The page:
2) Make repairs. DO NOT waste your time making it pretty if it needs repairs. And remember, glue and clamps are your friend!!!! If you don't know how to repair something, google it or email me. MOST furniture repairs aren't that difficult...but if you do it wrong (or not at all) you will be wasting your time making it pretty!
3) Primer....always a must if you are going to paint with spray paint or latex or oil paint. I swear by the oil-based Kilz. If you want your paint to stick and not chip or peel, prime. For smaller projects I use spray Kilz. For larger projects I roll on Kilz with a 4" foam roller. Even if your paint says "all in one paint and primer"...use primer.
4) Sand smooth after the primer has thoroughly dried. A 220 grit paper should do the trick...FEEL the surface...if you can feel it, the paint won't hide it.
5) Use tack cloth. Most tutorials will tell you to wipe the piece with a damp cloth. That won't cut it! Tack cloth will pick up the finest grains of dust and debris you can't see until you paint the piece! Use it!
6) If you are going to brush on latex or oil, use a quality brush AND TAKE CARE OF IT! I have brushes I have owned for years because I am religious about cleaning them thoroughly after use. And don't even think about using those cheap disposable brushes (chip brushes). They are great for many things, but not for getting a smooth paint finish on furniture!!!!
7) ALWAYS use an additive....Floetrol for latex, Penetrol for oil based paints.
8) Use quality paint. Especially spray paint. I know it is cheaper at discount stores but pay the extra few dollars and buy a quality spray paint at your home improvement store. Cheaper will NOT be better if it doesn't hold up to wear and tear! I do 2-3 light coats (spray or brush) rather than trying to get solid coverage with one coat...trust me when I say, there is NO paint on earth that will get good coverage with just one coat!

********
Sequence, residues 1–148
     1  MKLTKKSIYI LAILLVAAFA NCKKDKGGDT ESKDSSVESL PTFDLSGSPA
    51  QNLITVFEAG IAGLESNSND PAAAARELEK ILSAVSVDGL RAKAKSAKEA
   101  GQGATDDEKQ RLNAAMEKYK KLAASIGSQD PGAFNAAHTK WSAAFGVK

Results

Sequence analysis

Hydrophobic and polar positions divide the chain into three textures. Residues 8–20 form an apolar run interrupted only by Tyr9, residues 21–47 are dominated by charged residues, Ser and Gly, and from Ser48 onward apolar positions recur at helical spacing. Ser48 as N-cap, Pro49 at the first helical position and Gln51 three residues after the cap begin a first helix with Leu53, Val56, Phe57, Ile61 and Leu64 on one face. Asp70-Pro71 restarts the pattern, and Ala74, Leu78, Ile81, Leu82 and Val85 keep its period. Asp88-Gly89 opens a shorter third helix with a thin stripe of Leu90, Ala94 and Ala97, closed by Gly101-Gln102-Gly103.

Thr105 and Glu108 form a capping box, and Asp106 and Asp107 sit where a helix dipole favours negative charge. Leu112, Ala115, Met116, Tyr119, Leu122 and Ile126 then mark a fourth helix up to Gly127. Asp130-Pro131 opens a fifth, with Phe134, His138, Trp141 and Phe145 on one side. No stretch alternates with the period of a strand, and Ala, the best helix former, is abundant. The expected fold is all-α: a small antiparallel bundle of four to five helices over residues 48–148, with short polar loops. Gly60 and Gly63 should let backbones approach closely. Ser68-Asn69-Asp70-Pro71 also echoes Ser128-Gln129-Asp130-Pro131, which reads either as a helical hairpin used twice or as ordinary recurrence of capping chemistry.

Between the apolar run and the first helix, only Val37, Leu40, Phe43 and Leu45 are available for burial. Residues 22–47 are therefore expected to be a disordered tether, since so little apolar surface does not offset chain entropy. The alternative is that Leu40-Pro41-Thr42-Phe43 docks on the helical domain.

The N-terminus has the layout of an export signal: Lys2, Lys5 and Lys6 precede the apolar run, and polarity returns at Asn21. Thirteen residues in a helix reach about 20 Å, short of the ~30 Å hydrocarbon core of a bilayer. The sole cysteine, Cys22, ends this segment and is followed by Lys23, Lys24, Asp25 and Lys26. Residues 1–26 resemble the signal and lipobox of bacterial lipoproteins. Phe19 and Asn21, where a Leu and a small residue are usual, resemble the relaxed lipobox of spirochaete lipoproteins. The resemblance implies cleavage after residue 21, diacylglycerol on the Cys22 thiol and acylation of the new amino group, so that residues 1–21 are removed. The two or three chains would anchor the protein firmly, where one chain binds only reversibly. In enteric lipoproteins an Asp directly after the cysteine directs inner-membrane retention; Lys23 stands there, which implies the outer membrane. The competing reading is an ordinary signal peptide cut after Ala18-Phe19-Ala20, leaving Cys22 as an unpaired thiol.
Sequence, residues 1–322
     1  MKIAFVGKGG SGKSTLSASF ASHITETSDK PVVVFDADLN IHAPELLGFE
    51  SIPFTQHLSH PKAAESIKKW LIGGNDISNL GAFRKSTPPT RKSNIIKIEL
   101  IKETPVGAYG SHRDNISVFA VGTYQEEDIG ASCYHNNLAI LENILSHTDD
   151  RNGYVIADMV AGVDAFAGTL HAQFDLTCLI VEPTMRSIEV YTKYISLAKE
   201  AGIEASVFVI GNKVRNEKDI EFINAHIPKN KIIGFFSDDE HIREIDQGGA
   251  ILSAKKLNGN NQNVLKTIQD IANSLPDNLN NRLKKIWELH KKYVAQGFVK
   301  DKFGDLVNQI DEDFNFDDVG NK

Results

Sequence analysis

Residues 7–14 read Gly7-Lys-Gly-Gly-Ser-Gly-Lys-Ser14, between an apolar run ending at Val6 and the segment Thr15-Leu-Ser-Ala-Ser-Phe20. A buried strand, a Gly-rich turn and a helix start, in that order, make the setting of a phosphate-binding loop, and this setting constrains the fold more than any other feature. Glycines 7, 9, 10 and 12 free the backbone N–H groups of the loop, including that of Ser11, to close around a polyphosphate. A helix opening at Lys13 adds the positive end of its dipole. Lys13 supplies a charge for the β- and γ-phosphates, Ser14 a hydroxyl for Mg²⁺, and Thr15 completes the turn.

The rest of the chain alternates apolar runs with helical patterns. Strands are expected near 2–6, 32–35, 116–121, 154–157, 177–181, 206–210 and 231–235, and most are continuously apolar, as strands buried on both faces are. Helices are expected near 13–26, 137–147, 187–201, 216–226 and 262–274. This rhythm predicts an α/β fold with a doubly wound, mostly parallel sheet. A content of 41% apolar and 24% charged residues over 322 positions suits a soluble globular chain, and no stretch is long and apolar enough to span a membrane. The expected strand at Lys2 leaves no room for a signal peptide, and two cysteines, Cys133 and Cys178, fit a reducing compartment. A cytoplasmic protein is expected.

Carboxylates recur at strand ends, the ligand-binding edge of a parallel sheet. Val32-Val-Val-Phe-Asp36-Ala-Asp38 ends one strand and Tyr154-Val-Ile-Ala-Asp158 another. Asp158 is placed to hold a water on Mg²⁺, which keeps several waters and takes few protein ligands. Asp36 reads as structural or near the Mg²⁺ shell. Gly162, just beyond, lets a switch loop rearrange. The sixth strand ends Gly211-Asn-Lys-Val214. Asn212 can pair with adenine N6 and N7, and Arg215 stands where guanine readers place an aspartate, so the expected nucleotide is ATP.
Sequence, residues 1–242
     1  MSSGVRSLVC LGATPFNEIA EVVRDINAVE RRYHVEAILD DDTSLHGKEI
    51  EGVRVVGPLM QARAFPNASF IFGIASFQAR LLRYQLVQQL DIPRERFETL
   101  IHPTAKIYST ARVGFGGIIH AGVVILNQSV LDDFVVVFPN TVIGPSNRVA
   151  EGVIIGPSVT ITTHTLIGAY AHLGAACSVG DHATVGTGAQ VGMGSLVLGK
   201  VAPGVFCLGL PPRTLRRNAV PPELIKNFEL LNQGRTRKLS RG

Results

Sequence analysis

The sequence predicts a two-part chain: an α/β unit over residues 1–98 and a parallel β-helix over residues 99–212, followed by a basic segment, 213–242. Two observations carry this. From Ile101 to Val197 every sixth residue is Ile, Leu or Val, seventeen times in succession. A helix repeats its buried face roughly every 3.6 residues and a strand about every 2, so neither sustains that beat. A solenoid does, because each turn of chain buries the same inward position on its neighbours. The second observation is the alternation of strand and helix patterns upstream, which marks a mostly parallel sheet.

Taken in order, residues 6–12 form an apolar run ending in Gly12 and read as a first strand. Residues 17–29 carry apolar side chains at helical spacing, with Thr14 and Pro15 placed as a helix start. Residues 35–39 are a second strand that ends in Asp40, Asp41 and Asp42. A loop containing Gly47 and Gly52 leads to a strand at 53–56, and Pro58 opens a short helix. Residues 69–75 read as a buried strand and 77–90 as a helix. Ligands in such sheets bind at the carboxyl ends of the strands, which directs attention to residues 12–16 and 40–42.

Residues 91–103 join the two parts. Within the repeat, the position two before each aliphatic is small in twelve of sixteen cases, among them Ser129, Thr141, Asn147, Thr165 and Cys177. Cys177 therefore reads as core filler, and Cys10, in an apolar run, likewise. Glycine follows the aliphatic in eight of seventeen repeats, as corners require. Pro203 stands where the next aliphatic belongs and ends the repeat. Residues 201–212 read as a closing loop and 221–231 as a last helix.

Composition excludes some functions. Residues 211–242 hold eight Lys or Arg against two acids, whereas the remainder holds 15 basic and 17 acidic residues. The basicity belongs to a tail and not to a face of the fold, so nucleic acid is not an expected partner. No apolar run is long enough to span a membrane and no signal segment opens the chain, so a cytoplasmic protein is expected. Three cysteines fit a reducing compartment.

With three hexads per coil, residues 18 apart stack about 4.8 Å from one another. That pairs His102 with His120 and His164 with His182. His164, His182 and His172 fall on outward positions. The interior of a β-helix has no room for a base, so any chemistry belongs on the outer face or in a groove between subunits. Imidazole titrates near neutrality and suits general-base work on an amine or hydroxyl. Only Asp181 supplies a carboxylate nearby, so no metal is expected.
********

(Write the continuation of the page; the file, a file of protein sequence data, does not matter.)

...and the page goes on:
9) Cure time is important. Seriously, I know they style their pieces on those HGTV shows within hours of painting a piece of furniture. Just don't! Just because the paint feels dry to the touch DOES NOT mean it has cured. Latex...a few days...oil...a week. Give your paint time to cure or it is going to peel or chip if you try to use it right away! Put the piece in place and chill!
10) Spray vs. Brush/roller. For me, it all depends. I have learned that large flat areas are tough to get an even coat of paint on with spray paint...and of course there is the expense factor for large pieces. A dresser can take 2-3 cans of spray paint. So it really depends of the piece. Sometimes I will spray the drawer fronts of a dresser and roll the top and sides.
11) Keep a little spare paint for chips and dings...if you use latex or oil, just put a few tablespoons in a little container and stick it in the back of the drawer...just in case! If you are using spray paint, keep a can with a little paint. Manufacturer's change paint colors and you might not be able to find that awesome color in the future. Keep spare paint in the house...not the garage or storage shed!
Regardless of whether you spray or roll/brush, you have to follow the first rules of KSTP....Kilz (primer), sand smooth, then tack....then paint!
If you follow these simple guidelines, you can update a dated piece with just a little time and effort.
Again, life is too short to live with ugly furniture...